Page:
Have you ever thought why am I taking this photo? or even why am I taking any photos at all?
Is your photo telling a story?
Whether using your smartphone or point and shoot or dSLR (or film!), I think it's important to consider...why am I taking this photo?
Is it to capture a memory?
Is this someone important in my life (or those I'm taking photos of)?
Am I awed by beautiful scenary?
Will my grainy night photo remind me of a sweet time with friends?
Did I capture the emotion of a moment?
Before you snap away...do you consider why?
In an age when digital is pervasive and cameras are accessible to the multitudes (don't get me wrong, this is a GOOD thing!), do you take the time to think of the "why" behind your photo?
Let's put this at a macro and a micro level.
At a high level, I think it's important for photographers to think why they are doing photography. What is the why behind what you do? From the composition of a photo to what you take to how you edit, I think it should reflect your why.
Those three words describe my why.
It's why I do minimal edits to achieve natural looking photos. Why I use black and white a lot. Why I include a sample of prints when I do a photo shoot. Why I like taking photos of people. Why I lug my camera around on trips. Why I take photos for fun at get togethers with family and friends.
But...to all you smartphone or point and shoot or casual dSLR folks out there - don't think you can get away from this either! Why do you take your photos? And what do you do with them? Is it to document the moment? Is it to show your kids growing up? Then print them and hang them on the wall! Or put them in a photobook! Is it to share with family on another continent? Then find the best medium and share them!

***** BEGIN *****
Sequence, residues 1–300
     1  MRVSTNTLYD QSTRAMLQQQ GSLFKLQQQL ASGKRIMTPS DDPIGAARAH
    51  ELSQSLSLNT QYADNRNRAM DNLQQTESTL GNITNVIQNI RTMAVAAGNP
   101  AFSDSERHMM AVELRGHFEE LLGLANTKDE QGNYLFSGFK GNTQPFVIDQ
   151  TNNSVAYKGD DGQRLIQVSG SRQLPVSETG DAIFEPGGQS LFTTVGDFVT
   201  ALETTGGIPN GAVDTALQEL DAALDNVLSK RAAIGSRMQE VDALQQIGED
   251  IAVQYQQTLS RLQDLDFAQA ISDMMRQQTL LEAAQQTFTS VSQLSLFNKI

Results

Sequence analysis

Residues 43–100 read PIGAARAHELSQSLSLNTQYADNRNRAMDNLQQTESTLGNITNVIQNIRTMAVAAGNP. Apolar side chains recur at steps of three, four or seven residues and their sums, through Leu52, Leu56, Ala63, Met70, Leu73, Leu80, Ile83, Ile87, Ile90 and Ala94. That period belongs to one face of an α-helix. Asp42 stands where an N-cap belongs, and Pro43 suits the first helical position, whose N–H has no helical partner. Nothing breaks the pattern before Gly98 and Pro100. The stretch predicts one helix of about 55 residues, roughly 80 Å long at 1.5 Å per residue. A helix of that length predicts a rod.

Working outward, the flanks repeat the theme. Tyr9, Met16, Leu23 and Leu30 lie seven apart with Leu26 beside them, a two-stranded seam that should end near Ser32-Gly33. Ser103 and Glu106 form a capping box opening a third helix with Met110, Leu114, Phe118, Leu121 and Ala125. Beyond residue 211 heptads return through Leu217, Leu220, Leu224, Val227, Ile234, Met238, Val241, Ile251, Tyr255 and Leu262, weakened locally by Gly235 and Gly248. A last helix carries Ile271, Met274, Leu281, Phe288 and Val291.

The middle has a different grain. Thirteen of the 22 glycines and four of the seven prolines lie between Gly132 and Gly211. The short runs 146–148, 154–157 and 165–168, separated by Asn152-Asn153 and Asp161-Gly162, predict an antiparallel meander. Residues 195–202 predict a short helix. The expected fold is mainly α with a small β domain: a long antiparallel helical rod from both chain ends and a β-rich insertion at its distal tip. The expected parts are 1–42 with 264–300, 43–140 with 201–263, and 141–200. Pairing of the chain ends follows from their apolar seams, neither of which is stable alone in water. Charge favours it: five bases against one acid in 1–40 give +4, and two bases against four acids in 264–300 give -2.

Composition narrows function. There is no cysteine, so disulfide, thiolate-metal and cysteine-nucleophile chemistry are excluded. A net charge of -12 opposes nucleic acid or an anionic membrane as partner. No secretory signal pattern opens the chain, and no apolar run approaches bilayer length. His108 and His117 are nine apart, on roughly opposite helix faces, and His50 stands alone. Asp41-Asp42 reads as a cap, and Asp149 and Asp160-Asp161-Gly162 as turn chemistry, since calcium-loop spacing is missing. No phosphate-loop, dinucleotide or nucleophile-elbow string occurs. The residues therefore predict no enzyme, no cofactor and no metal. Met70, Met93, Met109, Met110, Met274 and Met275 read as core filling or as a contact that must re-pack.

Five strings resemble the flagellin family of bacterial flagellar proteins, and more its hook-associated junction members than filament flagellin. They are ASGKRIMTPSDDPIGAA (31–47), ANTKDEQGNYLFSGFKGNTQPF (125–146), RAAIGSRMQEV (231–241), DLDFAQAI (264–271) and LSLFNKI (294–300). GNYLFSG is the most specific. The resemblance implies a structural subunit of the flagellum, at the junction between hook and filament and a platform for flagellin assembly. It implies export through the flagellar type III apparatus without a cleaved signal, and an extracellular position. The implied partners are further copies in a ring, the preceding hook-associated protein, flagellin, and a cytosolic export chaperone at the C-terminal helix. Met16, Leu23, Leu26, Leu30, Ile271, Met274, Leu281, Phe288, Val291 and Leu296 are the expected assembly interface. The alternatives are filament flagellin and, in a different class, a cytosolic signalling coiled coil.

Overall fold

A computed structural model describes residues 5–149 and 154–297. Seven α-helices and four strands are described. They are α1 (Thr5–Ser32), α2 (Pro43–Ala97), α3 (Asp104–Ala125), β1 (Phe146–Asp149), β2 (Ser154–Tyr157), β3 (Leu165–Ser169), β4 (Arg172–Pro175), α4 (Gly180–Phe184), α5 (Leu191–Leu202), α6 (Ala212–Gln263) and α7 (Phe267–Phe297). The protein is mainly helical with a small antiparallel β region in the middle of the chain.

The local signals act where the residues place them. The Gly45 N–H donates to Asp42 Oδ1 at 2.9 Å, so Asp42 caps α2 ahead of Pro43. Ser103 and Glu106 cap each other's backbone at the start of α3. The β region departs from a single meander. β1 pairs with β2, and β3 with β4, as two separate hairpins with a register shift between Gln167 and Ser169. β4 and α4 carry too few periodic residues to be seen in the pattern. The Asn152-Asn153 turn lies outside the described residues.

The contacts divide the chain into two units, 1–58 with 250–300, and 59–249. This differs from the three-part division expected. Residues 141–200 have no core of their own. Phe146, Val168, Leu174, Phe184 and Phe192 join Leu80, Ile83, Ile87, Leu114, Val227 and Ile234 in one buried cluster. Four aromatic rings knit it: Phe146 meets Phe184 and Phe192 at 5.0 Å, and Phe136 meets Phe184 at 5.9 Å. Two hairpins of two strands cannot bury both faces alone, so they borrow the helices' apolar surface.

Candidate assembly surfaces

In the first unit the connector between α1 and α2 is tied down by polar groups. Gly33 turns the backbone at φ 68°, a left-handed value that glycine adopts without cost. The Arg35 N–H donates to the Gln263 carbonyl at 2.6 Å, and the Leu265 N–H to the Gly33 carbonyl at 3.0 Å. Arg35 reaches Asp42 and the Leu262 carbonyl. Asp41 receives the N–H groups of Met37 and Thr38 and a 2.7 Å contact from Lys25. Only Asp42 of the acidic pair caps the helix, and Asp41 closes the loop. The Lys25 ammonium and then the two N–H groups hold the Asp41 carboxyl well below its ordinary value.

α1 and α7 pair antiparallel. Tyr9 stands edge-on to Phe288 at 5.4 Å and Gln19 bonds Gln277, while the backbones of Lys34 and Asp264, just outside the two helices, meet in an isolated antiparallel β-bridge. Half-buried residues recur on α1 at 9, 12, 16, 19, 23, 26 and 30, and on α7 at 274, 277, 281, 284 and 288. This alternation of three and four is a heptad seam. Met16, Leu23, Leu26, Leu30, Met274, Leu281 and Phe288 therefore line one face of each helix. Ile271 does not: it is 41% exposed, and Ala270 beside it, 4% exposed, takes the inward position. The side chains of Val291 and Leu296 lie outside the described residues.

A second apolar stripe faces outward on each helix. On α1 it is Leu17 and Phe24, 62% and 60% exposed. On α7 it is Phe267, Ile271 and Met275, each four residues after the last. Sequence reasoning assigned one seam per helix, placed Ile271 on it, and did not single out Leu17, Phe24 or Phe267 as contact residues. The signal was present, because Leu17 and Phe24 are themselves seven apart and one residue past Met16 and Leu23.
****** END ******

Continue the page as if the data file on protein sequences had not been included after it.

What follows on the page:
Ok let's move on to the micro level.
Want to know a little secret to better photos? Before you take a photo, take a quick second and mentally ask yourself what story am I trying to tell with this photo?
It will help you focus on getting the best shot to capture what you are trying to take a photo of.
Do you need to move in closer to your subject or back up a bit? Do you need to get down low on the ground or angle your lens?
Before you start snapping photos everywhere, think of the story you are telling through your photo.
I was shooting a wedding this weekend with another photographer and someone asked us how our photography styles were different. I thought - hmm, editing, artistic differences, composition. Our styles are different, yet fairly similar. Then I thought back to visiting museums in Europe and the paintings I like the most. I realized that throughout my photos...
I chase light